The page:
ﺑﺎﺯﮔﺸﺖ ﺑﻪ ﺻﻔﺤﻪ ﻗﺒﻠﯽ
خرید پکیج
تعداد ایتم قابل مشاهده باقیمانده : 3 مورد
نسخه الکترونیک
medimedia.ir

Advanced systemic mastocytosis: Management and prognosis

Advanced systemic mastocytosis: Management and prognosis
Author:
Jason Gotlib, MD, MS
Section Editor:
Richard A Larson, MD
Deputy Editors:
Alan G Rosmarin, MD
Anna M Feldweg, MD
Literature review current through: Jul 2022. | This topic last updated: Jun 09, 2022.

INTRODUCTION — Systemic mastocytosis (SM) comprises a heterogeneous group of disorders characterized by excessive accumulation of mast cells (MC) in bone marrow and other extracutaneous tissues. Based on the presence of "B" findings (which indicate a high burden of MCs and expansion of the neoplastic process into multiple hematopoietic lineages, but no evidence of organ damage) and "C" findings (organ damage produced by MC infiltration), SM can be broadly categorized as (table 1):

Indolent systemic mastocytosis (ISM) and smoldering systemic mastocytosis (SSM) – ISM and SSM usually have a clinically indolent course, with median survival measured in decades. Previously, SSM was described as a subcategory of ISM, but the 2017 World Health Organization classification of hematolymphoid neoplasms redefined SSM as a distinct subtype of SM [1].

Advanced systemic mastocytosis, which has a more aggressive course with median survival measured in months to years and includes the following disease variants:

Aggressive systemic mastocytosis (ASM)

Systemic mastocytosis with an associated hematologic neoplasm (SM-AHN)

Mast cell leukemia (MCL)

This topic will discuss management and prognosis of advanced SM.

Clinical manifestations, evaluation, diagnosis, and classification of SM in adults and children are discussed separately.

(See "Mastocytosis (cutaneous and systemic) in adults: Epidemiology, pathogenesis, clinical manifestations, and diagnosis".)

(See "Mastocytosis (cutaneous and systemic) in adults: Epidemiology, pathogenesis, clinical manifestations, and diagnosis".)

(See "Systemic mastocytosis: Determining the subtype of disease".)

(See "Mastocytosis (cutaneous and systemic) in children: Epidemiology, clinical manifestations, evaluation, and diagnosis".)

Management of ISM and SSM in adults is discussed separately. (See "Indolent and smoldering systemic mastocytosis: Management and prognosis".)

PRETREATMENT EVALUATION — We suggest referral to a specialized center for evaluation by a multidisciplinary team that is experienced with advanced SM. Pretreatment evaluation of the patient with advanced SM should determine the following:

Disease variant – Determination of the disease variant should be performed by experienced hematopathologists and clinicians. The most common advanced disease variant is SM with an associated hematologic neoplasm (AHN), but the AHN may be masked by the SM component on a bone marrow biopsy. Misdiagnosis, misclassification, or failure to detect an AHN might influence the selection of initial treatment and outcomes. As examples, an AHN may be masked by high-burden mast cell disease (eg, mast cell leukemia), or a FIP1L1-PDGFRA-positive myeloid neoplasm with eosinophilia may be misdiagnosed as SM with chronic eosinophilic leukemia (SM-CEL). Classification of SM variants and other conditions that may be misclassified as SM are discussed separately. (See "Systemic mastocytosis: Determining the subtype of disease" and "Mastocytosis (cutaneous and systemic) in adults: Epidemiology, pathogenesis, clinical manifestations, and diagnosis", section on 'Differential diagnosis'.)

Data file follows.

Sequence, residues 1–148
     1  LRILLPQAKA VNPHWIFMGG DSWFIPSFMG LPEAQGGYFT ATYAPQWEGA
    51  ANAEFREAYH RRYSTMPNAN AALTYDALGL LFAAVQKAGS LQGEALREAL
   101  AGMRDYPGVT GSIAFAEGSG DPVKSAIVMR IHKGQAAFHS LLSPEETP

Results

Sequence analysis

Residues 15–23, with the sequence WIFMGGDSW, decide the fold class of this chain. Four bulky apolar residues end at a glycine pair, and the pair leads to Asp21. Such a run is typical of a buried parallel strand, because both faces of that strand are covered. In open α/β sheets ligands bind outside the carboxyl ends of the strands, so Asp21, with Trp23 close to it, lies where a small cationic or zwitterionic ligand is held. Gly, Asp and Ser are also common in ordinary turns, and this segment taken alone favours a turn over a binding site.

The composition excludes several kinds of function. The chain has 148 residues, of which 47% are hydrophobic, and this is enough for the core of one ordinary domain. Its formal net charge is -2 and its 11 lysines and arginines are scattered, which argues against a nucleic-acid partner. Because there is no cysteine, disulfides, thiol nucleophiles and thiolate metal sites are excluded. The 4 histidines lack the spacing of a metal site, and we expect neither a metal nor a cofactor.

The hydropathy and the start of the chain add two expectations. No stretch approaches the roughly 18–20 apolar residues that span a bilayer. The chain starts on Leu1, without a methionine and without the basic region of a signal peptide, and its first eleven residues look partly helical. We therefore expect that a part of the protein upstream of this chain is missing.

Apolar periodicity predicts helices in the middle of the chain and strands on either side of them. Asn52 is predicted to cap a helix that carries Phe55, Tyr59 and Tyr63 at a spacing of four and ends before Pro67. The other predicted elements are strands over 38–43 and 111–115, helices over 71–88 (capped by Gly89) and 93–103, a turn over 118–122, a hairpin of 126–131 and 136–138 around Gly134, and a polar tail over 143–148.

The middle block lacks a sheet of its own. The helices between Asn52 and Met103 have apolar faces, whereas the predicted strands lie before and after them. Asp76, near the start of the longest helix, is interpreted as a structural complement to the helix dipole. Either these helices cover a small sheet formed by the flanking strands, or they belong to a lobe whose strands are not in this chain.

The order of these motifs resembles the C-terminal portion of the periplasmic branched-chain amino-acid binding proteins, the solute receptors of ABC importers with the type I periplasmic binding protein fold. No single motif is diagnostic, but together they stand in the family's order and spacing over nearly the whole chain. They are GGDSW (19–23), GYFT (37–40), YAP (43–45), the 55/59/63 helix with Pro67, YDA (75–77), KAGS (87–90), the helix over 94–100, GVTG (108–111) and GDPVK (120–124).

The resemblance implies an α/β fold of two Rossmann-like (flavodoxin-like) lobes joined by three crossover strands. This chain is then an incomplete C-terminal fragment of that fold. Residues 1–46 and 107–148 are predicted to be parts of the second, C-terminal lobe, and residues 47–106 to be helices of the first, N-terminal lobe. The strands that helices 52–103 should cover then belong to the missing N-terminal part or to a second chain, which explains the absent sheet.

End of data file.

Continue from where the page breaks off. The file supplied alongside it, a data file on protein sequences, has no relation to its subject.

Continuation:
Urgency of treatment for an AHN versus the SM disease component – For patients with SM with an AHN, it is important to determine if more urgent treatment is needed for SM versus the AHN component or vice versa. This judgment is based on clinical evaluation and assessment of the disease burden/stage of both the SM and the AHN in bone marrow and/or other extracutaneous sites. (See 'SM with an associated hematologic neoplasm (SM-AHN)' below.)

Suitability for transplantation – We suggest early referral for consultation with experts in hematopoietic cell transplantation (HCT) for selected patients (see 'Hematopoietic cell transplantation' below):

Adverse risk features: High-risk karyotype (eg, monosomy 7, complex karyotype) and/or one or more high-risk non-KIT mutations (eg, SRSF2, ASXL1, and/or RUNX1) (see 'Molecular/cytogenetic features' below)

Refractory or resistant disease (either SM or an AHN) despite medical therapy

Evaluation of the individual's suitability for transplantation is described separately. (See "Determining eligibility for allogeneic hematopoietic cell transplantation".)

Initial evaluation, including a history of symptoms related to mast cell activation, assessment for organ involvement, laboratory studies, bone marrow examination, and other studies are discussed separately. (See "Mastocytosis (cutaneous and systemic) in adults: Epidemiology, pathogenesis, clinical manifestations, and diagnosis".)

GENERAL MEASURES — Patients with any category of SM may experience episodic symptoms of mast cell activation, including allergic-like reactions triggered by a variety of exposures. All patients with SM should carry injectable epinephrine and be educated about anaphylaxis, be informed about medications and other triggers for mast cell degranulation, and counseled for emotional aspects of these chronic diseases. General measures, along with management of osteoporosis and preparation for medical or surgical procedures are discussed separately. (See "Indolent and smoldering systemic mastocytosis: Management and prognosis".)

We suggest referral to a specialized center for evaluation by a multidisciplinary team that is experienced with advanced SM.